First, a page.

Rather than a photograph, this looks like a still from a horror movie. The reds, the blacks, the greys and whites combine with deliver a powerful message. My Number One Favorite in the show. It is a knockout, summoning up all the power of the protestors who march towards the viewer and summon: "Join us! We shall overcome!" At the Frist.

I was lucky enough to be able to see this intriguing and wide-ranging exhibition,
the first major museum exhibition devoted to art by Native Women in two cities, in Nashville at the Frist Art Museum at Christmas, and in Washington at the Smithsonian's Renwick Gallery in February before coronavirus closed the show early.

Most of the pieces shown here were displayed at both museums, but the larger galleries at the Frist (it included 115 pieces; the Renwick, 82) permitted more displays of textiles, baskets, beadwork, pottery, painting, sculpture, video, apparel, and installation art with a broader visual experience for some.

Works by artists from the U.S. and Canada, from ancient times to present day, were chosen by a curatorial team led by Jill Ahlberg Yohe from the Minneapolis Institute of Art (the organizing institution) and Teri Greeves, a Kowa artist and scholar.

They worked closely with an Exhibition Advisory Board of 20 Native women skilled in mixed media who provided guidance for the show, titled Hearts of Our People: Native Women Artists. It was "a radical shift in curatorial methodology," remarked Ms. Ahlberg at the Washington opening.

It is divided by three themes:  legacy, relationships, and power which together present "the unique heritage and culture of various Indian tribes and communities."

Visitors from toddlers on up were fascinated by the extraordinary presentation and differences of what their heritage means to these Native Women. 

Smithsonian American Art Museum Director Stephanie Stebich at the opening of Hearts Of Our People at the Renwick Gallery, Feb. 20, 2020/Photo by Patricia Leslie

At the February opening in Washington, Smithsonian American Art Museum Director Stephanie Stebich remarked that the timing of the exhibition in Washington to fall in the centennial celebration when American women got the right to vote was not just a coincidence. 

To compare the ways the two museums assembled and displayed the art was fascinating; highly recommended whenever the chance comes along to compare the same exhibition in two different locations.

My impression that many (most?) living artists require their works to be specifically displayed, according to certain measurements and placements in galleries, was changed by this show since placements, heights, and juxtapositions varied from one place to another.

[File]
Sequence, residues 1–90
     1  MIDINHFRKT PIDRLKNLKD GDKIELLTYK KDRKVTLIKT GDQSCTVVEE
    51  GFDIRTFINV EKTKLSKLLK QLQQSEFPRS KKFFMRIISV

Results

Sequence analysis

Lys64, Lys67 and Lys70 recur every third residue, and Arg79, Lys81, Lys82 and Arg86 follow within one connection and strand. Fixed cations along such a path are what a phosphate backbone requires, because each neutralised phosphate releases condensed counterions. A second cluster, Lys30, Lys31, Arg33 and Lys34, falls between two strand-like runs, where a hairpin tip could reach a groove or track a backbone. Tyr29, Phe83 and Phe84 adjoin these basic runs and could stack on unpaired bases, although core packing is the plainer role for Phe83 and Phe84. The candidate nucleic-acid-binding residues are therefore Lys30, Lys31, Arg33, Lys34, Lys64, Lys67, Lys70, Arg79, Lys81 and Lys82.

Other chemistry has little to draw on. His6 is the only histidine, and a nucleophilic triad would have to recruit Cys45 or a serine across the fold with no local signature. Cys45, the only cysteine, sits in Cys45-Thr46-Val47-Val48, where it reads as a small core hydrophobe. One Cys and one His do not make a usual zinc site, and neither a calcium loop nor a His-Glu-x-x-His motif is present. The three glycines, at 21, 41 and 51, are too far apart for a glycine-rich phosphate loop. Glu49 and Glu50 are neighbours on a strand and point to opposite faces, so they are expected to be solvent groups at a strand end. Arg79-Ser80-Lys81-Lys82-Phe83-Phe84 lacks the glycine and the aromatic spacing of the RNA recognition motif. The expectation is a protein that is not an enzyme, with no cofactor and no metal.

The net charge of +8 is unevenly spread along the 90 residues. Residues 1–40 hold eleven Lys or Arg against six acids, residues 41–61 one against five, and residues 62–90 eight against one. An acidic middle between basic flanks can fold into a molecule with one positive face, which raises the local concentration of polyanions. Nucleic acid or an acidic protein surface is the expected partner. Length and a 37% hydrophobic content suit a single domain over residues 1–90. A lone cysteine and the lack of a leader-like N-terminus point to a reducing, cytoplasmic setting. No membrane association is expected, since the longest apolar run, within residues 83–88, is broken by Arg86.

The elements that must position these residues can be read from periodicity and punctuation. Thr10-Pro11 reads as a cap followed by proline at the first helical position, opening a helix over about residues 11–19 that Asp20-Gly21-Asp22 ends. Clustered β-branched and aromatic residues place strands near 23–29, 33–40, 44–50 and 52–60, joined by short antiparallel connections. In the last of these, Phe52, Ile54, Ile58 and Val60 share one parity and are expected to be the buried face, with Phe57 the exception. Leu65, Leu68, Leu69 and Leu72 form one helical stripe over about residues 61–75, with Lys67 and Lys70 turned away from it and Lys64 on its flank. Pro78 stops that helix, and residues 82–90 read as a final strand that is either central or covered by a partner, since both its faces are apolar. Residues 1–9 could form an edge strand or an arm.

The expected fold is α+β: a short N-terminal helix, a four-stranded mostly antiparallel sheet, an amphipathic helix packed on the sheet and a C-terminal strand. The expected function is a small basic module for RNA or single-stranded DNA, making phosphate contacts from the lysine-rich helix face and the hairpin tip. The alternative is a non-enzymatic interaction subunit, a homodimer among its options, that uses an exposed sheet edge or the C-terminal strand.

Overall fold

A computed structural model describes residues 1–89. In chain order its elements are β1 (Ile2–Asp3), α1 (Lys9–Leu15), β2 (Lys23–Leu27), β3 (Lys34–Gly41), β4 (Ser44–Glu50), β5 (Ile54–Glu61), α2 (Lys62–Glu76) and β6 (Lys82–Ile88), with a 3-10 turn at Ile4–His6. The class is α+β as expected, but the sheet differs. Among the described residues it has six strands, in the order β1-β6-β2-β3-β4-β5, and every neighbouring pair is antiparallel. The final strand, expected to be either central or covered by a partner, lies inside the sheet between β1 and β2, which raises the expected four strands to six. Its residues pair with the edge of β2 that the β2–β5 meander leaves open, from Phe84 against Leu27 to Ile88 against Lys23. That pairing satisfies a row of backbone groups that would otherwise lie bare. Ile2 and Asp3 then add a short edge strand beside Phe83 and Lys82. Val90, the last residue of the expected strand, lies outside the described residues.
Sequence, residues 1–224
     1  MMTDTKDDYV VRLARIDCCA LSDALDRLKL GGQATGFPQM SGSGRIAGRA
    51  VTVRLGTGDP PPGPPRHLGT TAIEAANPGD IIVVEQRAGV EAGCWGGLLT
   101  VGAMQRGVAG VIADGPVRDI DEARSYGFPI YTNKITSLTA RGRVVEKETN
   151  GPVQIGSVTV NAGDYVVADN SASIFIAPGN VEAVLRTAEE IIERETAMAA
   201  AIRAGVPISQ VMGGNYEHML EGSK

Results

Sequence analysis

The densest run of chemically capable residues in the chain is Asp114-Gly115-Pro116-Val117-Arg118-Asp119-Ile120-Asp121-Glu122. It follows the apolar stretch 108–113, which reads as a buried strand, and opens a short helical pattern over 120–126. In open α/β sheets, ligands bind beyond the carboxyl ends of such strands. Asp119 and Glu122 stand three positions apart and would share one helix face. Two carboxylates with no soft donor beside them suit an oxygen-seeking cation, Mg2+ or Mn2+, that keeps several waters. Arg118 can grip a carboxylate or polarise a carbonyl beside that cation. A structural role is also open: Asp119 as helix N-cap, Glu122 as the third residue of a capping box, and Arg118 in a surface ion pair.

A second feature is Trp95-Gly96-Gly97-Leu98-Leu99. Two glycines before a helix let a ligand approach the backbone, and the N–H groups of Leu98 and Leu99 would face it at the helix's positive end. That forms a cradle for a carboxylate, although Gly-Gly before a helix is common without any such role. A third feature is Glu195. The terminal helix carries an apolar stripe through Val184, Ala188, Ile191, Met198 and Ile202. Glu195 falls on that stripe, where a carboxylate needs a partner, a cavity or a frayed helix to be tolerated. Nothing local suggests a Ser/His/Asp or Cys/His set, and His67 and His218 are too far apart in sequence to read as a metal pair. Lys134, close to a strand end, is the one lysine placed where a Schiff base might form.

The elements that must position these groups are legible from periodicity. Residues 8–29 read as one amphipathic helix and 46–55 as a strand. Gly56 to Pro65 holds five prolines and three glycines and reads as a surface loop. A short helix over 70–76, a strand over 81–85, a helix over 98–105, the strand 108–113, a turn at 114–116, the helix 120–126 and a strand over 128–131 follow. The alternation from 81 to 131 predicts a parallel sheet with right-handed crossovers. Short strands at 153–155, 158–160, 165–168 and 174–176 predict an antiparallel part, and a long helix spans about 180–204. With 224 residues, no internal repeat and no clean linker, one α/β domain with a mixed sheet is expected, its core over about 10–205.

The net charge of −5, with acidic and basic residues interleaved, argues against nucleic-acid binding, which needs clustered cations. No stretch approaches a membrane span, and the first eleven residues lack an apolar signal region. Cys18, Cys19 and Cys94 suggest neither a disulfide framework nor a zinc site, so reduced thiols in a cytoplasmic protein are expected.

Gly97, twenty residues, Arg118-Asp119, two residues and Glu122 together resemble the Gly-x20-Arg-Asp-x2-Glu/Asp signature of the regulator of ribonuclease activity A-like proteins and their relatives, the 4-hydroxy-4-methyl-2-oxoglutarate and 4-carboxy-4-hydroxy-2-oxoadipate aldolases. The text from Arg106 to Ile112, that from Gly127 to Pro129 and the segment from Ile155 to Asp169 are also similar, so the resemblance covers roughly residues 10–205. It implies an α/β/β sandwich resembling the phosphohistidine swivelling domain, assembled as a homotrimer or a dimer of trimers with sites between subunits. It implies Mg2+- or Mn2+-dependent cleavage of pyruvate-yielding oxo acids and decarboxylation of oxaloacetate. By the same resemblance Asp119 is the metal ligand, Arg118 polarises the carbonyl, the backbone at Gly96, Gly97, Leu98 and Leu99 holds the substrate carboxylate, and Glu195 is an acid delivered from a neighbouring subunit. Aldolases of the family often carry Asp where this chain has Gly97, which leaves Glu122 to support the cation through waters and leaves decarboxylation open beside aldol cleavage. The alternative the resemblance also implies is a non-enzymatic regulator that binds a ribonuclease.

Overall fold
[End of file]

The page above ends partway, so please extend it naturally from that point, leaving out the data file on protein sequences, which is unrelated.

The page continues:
It is a shame, a shame (it bears repeating) that coronavirus will prevent many from seeing this magnificent, inspiring show. The Renwick will just have to bring it back.

Audio tours with several of the artists are found at the Renwick website. 

Most of the labels were multi-lingual with translations in the native language of the artist.
Grants from the Henry Luce Foundation and the National Endowment for the Humanities made the presentation possible.  

A catalog of the exhibition is available for $39.95.
What: Hearts of Our People: Native Women Artists 

When:  Native Women Artists is set to close at the Renwick May 17, 2020 and likely cannot be extended since it moves to the Philbrook Museum of Art in Tulsa for viewing June 28 – September 20, 2020, The Renwick is closed by coronavirus until July 2, 2020, according to the website. It is usually open from 10 a.m.– 5:30 p.m. every day.

Where: The Smithsonian's Renwick Gallery, 1661 Pennsylvania Avenue, NW, Washington, D.C. 20006, at the White House 17th Street block, adjacent to Blair House.

Admission: No charge

Metro stations: Farragut North or Farragut West

For more information: (202) 633-7970 (recorded) or (202) 633-2850

Wednesday, April 22, 2020

A sad Earth Day Park in Washington, D.C.

The entrance to Earth Day Park on Independence Avenue, Washington, D.C. with a hard-to-read sign that may have been installed when dinosaurs roamed/Photo by Patricia Leslie
The entrance to Earth Day Park, Washington, D.C./Photo by Patricia Leslie

This unsightly rock, uncovered during excavation for the nearby expressway and surrounded by weeds, serves what purpose at Earth Day Park? Restrains weeds?/Photo by Patricia Leslie
Looking towards the Smithsonian's Hirshhorn Museum, on the right, across Independence Avenue/Photo by Patricia Leslie
Bring a hacksaw to reach this bench at Earth Day Park/Photo by Patricia Leslie
A sad little bluebell matches its surroundings amidst the weeds at Earth Day Park/Photo by Patricia Leslie
If you look closely, more bluebells peek through the weeds at Earth Day Park/Photo by Patricia Leslie
What's this?  Little flowers waving in the wind in Forgotten Park/Photo by Patricia Leslie

On the 50th anniversary of Earth Day, it's a sad little Earth Day Park which lies on Independence Avenue squeezed between an on-ramp to an expressway and a dull federal building which, ironically, happens to house transportation concerns, the Federal Aviation Administration.

Alone, unkempt, isolated, and uncared for are the adjectives which immediately spring to mind when visiting the park, not only during coronavirus, but all the time.  

It's abandoned. 

Who takes care of it?

The little park, dedicated by U.S. Energy Secretary Hazel O'Leary on the 25th anniversary of Earth Day in 1995, is so unimportant it even lacks a page in Wikipedia, only the second time I've found a subject missing from its pages.*